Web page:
The key to avoiding a horrific crash during a SUA event is whether or not the vehicle has an effective fail-safe in the event a glitch occurs. If it does not, as in the case of the glitch-prone Toyota ETCS-i, then the vehicle may become a runaway with an ineffective means to stop it. Unfortunately, the safety standards aren't as strict in automobiles as they are in airplanes. Some manufacturers have more effective fail-safes than others. In the case of Toyota, an embedded software expert, Michael Barr (see Oklahoma Bookout vs. Toyota court case involving a 2005 Camry) found that an electronic glitch could induce a SUA event. Another expert, Dr. Henning Leidecker, found that a SUA event could also be triggered by "tin whisker" formation, particularly in 2002-2006 Toyota Camry vehicles.
SUA events have been DEADLY for vehicle occupants as well as pedestrians and people in storefronts, buildings, and even homes. The numbers of such crashes are ever-increasing with the advent of the very complex ELECTRONIC throttle control systems.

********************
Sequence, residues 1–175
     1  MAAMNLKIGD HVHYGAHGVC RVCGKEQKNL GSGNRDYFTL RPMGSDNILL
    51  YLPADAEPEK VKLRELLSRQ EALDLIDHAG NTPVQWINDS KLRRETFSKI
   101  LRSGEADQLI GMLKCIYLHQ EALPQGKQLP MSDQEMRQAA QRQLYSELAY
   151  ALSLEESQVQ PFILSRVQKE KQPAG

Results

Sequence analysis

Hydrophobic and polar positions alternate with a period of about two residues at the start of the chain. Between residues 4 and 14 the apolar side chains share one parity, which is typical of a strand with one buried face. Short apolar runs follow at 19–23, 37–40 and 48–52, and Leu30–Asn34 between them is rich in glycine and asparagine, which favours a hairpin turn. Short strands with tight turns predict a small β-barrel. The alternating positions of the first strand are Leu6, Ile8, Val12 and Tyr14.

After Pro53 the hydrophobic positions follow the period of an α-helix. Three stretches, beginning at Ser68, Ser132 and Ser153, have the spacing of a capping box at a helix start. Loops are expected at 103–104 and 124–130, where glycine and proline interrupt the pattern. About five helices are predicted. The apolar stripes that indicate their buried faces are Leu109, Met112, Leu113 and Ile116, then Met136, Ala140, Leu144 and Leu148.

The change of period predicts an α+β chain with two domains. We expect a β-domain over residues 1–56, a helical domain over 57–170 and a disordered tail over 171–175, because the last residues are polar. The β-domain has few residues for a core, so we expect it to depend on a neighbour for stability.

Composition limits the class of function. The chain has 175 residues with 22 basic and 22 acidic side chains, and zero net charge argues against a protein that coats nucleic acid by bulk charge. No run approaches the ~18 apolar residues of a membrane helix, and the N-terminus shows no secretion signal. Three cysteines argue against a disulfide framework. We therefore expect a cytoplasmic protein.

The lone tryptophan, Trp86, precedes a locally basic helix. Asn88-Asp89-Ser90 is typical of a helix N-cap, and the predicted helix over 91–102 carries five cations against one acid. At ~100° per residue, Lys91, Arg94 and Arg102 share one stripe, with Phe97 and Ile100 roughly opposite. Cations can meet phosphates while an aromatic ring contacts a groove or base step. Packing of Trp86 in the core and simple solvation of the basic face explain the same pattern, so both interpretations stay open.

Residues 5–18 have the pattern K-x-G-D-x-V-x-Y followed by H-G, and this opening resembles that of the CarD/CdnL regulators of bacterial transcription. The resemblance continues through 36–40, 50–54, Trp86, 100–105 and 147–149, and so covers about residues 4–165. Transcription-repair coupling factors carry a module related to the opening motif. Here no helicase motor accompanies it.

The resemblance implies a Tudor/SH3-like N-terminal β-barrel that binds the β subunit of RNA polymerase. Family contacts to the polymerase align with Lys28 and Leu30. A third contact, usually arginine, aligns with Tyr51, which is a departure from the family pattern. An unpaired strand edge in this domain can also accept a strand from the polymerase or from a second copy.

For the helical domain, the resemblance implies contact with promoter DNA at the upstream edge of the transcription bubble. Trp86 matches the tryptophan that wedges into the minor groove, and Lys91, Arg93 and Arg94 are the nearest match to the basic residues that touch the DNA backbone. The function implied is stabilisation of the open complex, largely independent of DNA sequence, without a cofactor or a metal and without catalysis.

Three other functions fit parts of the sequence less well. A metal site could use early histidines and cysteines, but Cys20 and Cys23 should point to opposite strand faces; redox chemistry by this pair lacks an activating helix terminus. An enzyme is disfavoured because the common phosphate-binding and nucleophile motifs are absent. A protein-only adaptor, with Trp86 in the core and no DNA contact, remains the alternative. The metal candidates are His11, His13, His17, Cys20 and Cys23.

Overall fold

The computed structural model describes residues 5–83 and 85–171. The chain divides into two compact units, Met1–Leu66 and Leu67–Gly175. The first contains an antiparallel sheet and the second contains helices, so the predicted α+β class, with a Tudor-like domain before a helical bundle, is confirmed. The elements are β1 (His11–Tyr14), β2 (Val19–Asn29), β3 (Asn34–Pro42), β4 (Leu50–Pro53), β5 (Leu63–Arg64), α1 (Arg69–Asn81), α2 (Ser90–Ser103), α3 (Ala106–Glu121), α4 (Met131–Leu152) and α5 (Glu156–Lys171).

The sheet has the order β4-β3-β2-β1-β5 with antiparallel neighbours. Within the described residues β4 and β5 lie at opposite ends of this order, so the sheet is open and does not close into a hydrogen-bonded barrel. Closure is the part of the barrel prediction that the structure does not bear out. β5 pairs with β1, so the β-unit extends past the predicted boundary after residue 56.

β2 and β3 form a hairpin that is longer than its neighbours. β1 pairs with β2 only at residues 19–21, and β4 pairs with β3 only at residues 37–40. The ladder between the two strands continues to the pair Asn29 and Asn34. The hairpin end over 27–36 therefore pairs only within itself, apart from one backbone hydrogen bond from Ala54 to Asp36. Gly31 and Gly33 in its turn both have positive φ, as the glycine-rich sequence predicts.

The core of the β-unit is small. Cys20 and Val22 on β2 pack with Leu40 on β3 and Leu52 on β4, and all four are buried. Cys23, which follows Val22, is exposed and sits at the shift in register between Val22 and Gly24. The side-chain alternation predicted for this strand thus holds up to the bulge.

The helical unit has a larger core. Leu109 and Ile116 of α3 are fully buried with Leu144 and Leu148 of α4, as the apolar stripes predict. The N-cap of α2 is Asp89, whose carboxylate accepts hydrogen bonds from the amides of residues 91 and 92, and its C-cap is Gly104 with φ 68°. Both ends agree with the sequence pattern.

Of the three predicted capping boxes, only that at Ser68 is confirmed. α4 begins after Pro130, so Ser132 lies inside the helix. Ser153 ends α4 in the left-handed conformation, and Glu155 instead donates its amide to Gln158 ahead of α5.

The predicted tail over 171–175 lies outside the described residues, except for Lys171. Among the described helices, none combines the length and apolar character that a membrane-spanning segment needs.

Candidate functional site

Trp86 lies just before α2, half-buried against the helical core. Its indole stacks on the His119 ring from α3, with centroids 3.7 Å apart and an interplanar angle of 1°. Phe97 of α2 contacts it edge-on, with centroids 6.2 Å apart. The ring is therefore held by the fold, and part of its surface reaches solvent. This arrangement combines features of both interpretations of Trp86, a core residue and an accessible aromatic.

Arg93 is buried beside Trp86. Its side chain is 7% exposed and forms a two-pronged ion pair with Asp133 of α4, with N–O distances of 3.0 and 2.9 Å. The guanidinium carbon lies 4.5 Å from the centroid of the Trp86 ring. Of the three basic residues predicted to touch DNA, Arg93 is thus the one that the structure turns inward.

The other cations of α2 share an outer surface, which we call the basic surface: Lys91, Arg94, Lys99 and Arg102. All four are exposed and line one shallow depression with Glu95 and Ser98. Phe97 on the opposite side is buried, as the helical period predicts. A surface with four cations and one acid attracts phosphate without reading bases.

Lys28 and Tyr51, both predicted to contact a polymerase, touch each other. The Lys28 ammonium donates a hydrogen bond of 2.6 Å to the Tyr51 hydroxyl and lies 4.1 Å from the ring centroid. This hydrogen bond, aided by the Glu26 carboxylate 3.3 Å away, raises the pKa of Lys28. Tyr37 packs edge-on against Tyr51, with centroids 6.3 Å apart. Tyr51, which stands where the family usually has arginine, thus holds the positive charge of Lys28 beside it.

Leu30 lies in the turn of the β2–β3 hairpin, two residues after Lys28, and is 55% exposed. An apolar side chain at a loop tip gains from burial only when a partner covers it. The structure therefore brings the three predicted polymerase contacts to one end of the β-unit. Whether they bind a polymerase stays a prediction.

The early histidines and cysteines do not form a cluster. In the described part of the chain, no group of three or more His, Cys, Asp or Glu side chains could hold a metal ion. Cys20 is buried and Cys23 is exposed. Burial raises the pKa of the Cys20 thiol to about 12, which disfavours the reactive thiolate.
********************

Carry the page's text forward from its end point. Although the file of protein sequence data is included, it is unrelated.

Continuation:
With the increase in such serious vehicle crashes, there is a concerted effort to show driver "pedal misapplication" or a "medical condition" or some other reason for the incident...anything other than a vehicle defect. Investigators aren't scrutinizing the buggy electronic throttle control software or other conditions that can elicit a terrifying sudden unintended acceleration incident. They usually just examine the *mechanical* causes which tend to be just red herrings in these cases. Investigators simply don't have the expertise to find such electronic glitches. In fact, the staff at the NHTSA, National Highway Traffic Safety Administration, do not have this very specialized training!